Wisconsin First Step Program provides information and referral services to assist Wisconsin families and providers working with children and youth with special needs. A 24-hour hotline is available to answer questions and will link families to their regional center for additional resources.
Wisconsin's early intervention program designed for infants and toddlers with developmental delays and disabilities. The staff and family create an individualized family service plan, which may include services involving: family education, developmental education services, occupational therapy, physical therapy, and others. Each county has a designated agency that is responsible for operating the Birth to Three program.
The Wisconsin Chronic Disease Program (WCDP) offers assistance to Wisconsin residents with chronic renal disease, hemophilia, and adult cystic fibrosis. The WCDP is funded entirely by state dollars. The program pays health care providers for disease-related services and supplies provided to certified WCDP participants after all other sources of payment have been exhausted.
The Department of Health Services (DHS) in Wisconsin is committed to protecting and promoting the health and safety of the people of Wisconsin. DHS works to assure the health, safety, and well-being of Wisconsin citizens while emphasizing prevention, improve the lives of Wisconsin seniors and people with disabilities, and increase opportunities for children to grow up safe, healthy, and successful in strong families.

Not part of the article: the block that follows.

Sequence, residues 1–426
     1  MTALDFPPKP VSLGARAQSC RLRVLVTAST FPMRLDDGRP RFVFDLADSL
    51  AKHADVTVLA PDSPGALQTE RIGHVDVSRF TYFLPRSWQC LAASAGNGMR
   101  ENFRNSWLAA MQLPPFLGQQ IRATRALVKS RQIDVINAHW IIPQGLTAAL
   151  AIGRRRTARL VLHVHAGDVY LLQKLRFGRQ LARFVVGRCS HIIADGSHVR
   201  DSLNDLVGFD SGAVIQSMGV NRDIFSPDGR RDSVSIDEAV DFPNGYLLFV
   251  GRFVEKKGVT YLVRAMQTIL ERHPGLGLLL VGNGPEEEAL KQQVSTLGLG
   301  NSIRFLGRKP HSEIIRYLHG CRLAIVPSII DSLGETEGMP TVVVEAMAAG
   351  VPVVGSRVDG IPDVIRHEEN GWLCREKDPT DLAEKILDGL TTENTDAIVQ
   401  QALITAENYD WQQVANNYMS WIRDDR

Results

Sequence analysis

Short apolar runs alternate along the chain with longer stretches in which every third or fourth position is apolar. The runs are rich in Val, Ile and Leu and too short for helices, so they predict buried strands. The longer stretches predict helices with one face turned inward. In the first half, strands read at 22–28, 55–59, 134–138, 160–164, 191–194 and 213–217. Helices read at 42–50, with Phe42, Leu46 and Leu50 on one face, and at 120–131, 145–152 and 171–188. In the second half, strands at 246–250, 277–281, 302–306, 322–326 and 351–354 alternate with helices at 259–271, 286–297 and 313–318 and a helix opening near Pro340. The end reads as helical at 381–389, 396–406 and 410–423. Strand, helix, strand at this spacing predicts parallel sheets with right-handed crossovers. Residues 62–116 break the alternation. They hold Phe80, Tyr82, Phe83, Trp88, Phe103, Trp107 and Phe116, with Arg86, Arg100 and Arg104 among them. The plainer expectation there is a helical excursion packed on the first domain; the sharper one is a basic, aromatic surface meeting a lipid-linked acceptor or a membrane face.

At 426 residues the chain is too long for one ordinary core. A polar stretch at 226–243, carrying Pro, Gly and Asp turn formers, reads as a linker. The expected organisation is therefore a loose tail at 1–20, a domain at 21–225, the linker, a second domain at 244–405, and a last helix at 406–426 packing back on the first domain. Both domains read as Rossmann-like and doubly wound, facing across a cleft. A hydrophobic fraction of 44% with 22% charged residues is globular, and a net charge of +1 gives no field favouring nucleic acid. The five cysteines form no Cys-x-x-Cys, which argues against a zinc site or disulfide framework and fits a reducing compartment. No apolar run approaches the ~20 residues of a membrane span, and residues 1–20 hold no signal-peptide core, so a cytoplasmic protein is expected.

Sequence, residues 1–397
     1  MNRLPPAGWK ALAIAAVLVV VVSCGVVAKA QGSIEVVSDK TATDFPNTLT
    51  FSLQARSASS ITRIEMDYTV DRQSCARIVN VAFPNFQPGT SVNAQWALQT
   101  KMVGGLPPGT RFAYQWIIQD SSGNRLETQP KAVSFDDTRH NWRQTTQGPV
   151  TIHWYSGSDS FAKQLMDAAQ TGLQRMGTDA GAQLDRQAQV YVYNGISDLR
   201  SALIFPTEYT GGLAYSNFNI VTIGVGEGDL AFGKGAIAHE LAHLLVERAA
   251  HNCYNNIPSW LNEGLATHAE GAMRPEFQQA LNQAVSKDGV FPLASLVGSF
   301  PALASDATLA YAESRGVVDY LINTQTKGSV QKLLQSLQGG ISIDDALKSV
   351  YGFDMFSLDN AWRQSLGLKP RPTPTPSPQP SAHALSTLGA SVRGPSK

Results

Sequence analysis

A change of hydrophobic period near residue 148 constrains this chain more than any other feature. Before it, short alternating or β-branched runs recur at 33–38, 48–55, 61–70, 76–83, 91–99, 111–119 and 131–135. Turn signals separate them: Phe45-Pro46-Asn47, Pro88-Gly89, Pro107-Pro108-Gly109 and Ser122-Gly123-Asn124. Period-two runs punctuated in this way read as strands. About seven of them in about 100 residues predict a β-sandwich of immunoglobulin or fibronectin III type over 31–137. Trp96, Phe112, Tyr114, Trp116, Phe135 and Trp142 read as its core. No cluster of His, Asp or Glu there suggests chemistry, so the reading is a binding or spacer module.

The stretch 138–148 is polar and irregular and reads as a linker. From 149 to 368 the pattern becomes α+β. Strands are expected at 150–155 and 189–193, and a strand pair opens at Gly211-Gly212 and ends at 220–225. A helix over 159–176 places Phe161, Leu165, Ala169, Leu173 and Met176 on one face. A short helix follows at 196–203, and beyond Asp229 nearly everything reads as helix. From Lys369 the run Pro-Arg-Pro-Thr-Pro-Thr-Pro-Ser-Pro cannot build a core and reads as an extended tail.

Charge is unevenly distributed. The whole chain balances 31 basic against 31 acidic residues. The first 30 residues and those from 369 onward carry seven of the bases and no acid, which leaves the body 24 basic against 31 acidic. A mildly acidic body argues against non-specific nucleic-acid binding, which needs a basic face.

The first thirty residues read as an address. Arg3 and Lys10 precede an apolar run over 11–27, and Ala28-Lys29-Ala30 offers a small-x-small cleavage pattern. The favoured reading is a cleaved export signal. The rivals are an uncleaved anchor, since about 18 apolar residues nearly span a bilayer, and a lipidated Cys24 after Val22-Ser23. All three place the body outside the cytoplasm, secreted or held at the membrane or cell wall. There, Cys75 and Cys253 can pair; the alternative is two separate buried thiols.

The Wisconsin State Genetics Program strives to make sure Wisconsin families and health care providers are aware of and have access to the genetic services available in the state. A genetic counselor is available as a resource to families and health care providers and can answer questions, provide referrals to genetics services, or offer education and training to those interested.
The Wisconsin Stillbirth Service Program (WiSSP) was developed to provide families and health professionals of Wisconsin with comprehensive services for the evaluation of stillborn infants. WiSSP provides support information as well as medical information pertaining to stillbirths.